59. There have been a number of decisions which have dealt with the phrase in Regulation 47(7): “the date when grounds for the bringing of the proceedings first arose”. Many of those decisions were reviewed by Coulson J in Amaryllis and there have subsequently been the decisions in Uniplex and J Varney & Sons Waste Management Limited v Hertfordshire County Council [2010] EWHC 1404 (QB); [2010] LGR 801.
  60. The decisions on this aspect show that it is necessary to analyse the relevant breach or infringement of the Regulations. For instance a breach of Regulation 4(3) by failing to “treat economic operators equally and in a non-discriminatory way” or to “act in a transparent way” does not necessarily require there to be a decision to eliminate a tenderer from the procurement before there are the relevant grounds for bringing proceedings. Equally, a breach of Regulations 30(3), (4) or (5) in failing to use the stated weighting or criteria will generally only occur once a decision has been made to eliminate a tenderer based on non-stated weightings or non-stated criteria.
  61. Thus, in Jobsin Co UK Plc v Department of Health [2001] EuLR 685 at [26] to [28] Dyson LJ was dealing with a case where there were allegations that a Briefing Document failed to comply with the relevant regulations because it failed to set out the criteria by which the tender was to be assessed. He said this: 

    26. …It is clear that, as soon as the Briefing Document was issued without identifying the criteria by which the most economically advantageous bid was to be assessed, there was a breach of regulation 21(3). I do not understand Mr Lewis to dispute this. Moreover, it was a breach in consequence of which Jobsin, and indeed all other tenderers too, were then and there at risk of suffering loss and damage. It is true that it was no more than a risk at that stage, but that was enough to complete the cause of action. Without knowing what the criteria were, the bidders were to some extent having to compose their tenders in the dark. That feature of the tender process inevitably carried with it the seeds of potential unfairness and the possibility that it would damage the prospects of a successful tender.27. Mr Lewis submits that neither the loss nor the risk of loss was caused by the breach of regulation 21(3) until Jobsin was excluded from the tender process on 17 November. I reject that submission for the following reasons. First, it gives no meaning to the words “risks of suffering loss or damage” in regulation 32(2). It seems to me that those words are of crucial significance. They make it clear that it is sufficient to found a claim for breach of the Regulations that there has been a breach and that the service provider may suffer damage as a result of the breach. It is implicit in this that the right of action may and usually will arise before the tender process has been completed.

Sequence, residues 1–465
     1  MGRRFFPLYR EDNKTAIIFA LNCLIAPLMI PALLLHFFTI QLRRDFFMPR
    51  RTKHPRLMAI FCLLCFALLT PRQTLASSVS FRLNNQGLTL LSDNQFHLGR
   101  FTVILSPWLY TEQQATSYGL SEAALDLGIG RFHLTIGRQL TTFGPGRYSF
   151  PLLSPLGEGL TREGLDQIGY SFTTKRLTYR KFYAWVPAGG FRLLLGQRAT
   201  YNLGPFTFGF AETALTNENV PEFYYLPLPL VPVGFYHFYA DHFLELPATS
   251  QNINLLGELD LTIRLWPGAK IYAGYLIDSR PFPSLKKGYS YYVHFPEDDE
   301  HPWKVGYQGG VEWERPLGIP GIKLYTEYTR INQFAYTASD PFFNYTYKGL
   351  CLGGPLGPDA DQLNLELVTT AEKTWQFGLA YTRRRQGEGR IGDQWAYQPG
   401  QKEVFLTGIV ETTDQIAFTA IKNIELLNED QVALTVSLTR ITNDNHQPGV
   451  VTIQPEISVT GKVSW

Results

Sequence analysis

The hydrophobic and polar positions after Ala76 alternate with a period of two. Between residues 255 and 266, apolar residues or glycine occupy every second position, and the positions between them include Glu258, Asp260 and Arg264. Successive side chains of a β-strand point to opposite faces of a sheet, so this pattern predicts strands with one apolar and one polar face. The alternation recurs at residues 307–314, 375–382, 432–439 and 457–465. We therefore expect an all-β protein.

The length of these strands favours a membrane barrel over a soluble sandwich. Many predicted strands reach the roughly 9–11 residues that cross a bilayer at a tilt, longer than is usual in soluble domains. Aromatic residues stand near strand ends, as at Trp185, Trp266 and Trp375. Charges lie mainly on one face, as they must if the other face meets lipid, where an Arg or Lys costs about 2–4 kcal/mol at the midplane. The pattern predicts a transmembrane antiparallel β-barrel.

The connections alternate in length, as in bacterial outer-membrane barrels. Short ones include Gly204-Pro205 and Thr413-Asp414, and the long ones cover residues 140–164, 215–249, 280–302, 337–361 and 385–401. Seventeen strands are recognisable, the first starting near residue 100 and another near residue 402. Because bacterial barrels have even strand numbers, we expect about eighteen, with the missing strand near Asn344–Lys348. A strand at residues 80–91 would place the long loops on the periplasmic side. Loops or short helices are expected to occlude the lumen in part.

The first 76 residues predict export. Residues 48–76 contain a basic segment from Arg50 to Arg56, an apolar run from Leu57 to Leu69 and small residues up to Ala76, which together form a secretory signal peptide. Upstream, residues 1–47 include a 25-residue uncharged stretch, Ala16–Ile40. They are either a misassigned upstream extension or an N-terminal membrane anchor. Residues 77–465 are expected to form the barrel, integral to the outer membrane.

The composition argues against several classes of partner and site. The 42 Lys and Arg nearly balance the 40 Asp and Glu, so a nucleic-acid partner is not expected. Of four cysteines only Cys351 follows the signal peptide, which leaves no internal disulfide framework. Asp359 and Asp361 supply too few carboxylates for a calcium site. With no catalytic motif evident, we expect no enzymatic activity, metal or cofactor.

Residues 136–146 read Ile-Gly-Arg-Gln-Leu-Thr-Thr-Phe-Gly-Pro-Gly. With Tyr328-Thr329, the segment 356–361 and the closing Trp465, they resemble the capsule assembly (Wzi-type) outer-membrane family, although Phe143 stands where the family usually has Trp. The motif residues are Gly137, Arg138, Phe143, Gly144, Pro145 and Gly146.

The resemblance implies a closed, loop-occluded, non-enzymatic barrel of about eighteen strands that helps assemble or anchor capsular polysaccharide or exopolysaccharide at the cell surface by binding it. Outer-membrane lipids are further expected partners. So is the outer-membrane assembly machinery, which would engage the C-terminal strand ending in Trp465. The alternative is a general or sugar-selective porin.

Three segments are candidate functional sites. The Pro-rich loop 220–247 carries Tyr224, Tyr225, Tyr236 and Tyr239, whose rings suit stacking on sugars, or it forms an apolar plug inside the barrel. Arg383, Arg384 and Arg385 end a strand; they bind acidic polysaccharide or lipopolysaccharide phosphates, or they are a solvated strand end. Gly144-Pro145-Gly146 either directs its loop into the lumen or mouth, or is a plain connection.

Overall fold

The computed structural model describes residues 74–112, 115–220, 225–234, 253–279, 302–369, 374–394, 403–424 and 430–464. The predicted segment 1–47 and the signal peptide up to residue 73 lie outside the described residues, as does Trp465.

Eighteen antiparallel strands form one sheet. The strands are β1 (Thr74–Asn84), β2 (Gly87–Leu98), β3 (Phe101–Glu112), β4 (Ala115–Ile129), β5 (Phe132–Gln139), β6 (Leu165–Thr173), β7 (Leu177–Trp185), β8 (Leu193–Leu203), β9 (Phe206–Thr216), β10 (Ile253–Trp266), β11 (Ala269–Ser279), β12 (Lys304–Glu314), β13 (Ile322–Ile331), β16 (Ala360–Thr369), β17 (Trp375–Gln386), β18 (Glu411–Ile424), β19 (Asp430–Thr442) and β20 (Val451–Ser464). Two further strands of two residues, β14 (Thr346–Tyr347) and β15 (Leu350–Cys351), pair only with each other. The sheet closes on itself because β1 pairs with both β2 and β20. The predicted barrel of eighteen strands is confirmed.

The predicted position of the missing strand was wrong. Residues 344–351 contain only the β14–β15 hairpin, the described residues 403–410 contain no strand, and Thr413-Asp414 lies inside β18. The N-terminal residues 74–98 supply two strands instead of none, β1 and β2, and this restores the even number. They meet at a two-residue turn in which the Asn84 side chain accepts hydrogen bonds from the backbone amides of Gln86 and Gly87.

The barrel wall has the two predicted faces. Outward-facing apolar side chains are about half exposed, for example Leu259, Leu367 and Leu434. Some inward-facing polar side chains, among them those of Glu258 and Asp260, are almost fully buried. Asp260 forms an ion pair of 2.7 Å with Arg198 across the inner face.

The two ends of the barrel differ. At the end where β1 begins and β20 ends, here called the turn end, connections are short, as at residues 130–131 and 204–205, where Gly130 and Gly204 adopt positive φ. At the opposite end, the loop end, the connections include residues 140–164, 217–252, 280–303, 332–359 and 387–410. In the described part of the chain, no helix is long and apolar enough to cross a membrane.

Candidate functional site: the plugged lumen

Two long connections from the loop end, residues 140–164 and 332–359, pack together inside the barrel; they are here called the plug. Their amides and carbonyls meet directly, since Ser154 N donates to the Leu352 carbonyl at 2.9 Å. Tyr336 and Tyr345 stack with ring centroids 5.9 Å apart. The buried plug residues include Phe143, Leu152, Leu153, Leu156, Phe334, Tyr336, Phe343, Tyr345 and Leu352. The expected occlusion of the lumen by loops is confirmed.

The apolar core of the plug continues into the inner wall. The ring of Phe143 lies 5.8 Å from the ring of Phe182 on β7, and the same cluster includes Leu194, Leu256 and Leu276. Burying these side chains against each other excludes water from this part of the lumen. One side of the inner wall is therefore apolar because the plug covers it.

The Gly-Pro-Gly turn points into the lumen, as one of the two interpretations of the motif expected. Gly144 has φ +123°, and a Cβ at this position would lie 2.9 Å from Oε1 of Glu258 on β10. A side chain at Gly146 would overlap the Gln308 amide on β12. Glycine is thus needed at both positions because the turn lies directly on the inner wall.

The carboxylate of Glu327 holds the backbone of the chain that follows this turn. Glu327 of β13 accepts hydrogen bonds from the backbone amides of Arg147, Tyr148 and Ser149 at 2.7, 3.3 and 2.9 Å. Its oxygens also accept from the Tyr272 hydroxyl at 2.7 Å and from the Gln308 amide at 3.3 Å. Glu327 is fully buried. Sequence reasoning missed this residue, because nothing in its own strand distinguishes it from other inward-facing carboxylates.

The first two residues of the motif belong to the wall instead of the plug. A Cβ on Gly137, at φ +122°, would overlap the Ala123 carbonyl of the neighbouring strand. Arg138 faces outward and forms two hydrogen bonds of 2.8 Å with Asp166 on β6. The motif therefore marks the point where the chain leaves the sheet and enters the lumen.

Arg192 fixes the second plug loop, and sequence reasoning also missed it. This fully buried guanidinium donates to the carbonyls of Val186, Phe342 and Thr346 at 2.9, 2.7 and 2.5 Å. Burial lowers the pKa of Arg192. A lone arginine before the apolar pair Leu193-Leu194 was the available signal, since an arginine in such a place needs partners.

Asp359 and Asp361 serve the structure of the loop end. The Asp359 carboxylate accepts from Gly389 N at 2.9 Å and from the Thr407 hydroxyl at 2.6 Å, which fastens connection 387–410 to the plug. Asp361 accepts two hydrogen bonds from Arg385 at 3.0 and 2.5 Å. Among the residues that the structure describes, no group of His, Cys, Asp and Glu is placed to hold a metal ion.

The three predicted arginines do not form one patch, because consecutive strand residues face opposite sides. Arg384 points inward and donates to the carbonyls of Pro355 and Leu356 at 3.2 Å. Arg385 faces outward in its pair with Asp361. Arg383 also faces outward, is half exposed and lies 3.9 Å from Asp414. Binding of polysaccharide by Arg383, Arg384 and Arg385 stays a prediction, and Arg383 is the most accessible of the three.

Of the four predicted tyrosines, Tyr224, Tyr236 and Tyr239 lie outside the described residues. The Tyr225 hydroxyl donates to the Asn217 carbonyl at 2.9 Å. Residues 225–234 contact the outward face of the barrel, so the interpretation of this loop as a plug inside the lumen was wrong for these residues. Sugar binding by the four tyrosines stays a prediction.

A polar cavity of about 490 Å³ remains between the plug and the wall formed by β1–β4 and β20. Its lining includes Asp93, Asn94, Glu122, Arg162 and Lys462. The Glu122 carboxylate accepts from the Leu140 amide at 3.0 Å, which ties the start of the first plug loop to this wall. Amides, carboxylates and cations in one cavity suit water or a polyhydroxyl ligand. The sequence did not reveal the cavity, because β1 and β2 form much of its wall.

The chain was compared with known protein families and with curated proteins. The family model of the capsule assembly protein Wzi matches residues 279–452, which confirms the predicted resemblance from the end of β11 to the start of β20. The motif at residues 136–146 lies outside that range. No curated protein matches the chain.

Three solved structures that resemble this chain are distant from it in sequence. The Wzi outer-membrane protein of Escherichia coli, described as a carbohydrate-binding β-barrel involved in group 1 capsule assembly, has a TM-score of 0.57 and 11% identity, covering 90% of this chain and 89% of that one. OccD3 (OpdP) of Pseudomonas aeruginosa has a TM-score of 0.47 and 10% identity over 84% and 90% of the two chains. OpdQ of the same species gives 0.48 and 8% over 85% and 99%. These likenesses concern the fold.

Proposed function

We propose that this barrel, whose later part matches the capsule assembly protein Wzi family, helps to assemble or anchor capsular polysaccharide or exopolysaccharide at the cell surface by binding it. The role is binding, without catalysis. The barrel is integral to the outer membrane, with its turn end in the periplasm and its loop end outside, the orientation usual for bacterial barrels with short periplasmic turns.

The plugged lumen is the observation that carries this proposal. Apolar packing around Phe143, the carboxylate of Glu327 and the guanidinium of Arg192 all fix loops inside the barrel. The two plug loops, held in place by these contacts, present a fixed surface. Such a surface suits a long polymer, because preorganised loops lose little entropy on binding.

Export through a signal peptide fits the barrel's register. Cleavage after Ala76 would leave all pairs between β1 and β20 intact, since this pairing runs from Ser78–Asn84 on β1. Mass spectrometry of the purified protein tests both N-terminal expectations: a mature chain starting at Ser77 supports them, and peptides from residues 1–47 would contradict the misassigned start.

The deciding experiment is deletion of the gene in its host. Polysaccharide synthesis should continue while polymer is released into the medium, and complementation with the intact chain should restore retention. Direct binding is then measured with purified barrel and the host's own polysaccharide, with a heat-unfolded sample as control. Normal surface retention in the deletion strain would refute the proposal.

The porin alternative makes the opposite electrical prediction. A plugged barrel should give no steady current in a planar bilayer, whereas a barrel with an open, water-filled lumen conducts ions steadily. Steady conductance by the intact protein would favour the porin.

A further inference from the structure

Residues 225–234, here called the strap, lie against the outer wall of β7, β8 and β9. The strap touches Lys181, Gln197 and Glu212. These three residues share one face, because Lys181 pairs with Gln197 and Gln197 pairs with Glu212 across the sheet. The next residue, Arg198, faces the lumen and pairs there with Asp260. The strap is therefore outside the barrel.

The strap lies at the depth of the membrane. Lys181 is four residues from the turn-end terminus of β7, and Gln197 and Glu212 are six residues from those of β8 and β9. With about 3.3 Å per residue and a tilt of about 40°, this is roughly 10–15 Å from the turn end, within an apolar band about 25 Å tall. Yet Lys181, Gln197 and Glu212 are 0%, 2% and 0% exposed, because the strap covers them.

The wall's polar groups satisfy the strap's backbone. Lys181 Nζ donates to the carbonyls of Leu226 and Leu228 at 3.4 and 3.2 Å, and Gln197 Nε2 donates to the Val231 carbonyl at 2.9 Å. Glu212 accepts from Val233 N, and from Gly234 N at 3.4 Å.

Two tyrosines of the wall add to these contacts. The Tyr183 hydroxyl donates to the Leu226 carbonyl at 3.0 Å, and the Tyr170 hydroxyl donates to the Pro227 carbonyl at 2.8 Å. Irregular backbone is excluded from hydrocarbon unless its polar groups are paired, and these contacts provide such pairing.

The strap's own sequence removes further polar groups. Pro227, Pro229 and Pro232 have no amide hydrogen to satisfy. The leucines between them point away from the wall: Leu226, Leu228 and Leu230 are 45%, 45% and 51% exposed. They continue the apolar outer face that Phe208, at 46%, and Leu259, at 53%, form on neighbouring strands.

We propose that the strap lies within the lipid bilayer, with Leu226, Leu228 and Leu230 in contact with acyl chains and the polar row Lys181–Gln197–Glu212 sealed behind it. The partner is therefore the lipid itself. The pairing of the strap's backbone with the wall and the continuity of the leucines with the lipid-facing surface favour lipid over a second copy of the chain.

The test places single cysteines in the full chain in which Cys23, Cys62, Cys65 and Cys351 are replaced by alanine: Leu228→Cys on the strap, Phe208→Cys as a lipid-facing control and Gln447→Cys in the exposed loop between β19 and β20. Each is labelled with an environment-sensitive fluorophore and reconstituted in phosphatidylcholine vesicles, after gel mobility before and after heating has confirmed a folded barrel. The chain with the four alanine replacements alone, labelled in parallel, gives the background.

28. That brings me to the second reason. It would be strange if a complaint could not be brought until the process has been completed. It may be too late to challenge the process by then. A contract may have been concluded with the successful bidder. Even if that has not occurred, the longer the delay, the greater the cost of re-running the process and the greater the overall cost. There is every good reason why Parliament should have intended that challenges to the lawfulness of the process should be made as soon as possible. They can be made as soon as there has occurred a breach which may cause one of the bidders to suffer loss. There was no good reason for postponing the earliest date when proceedings can begin beyond that date.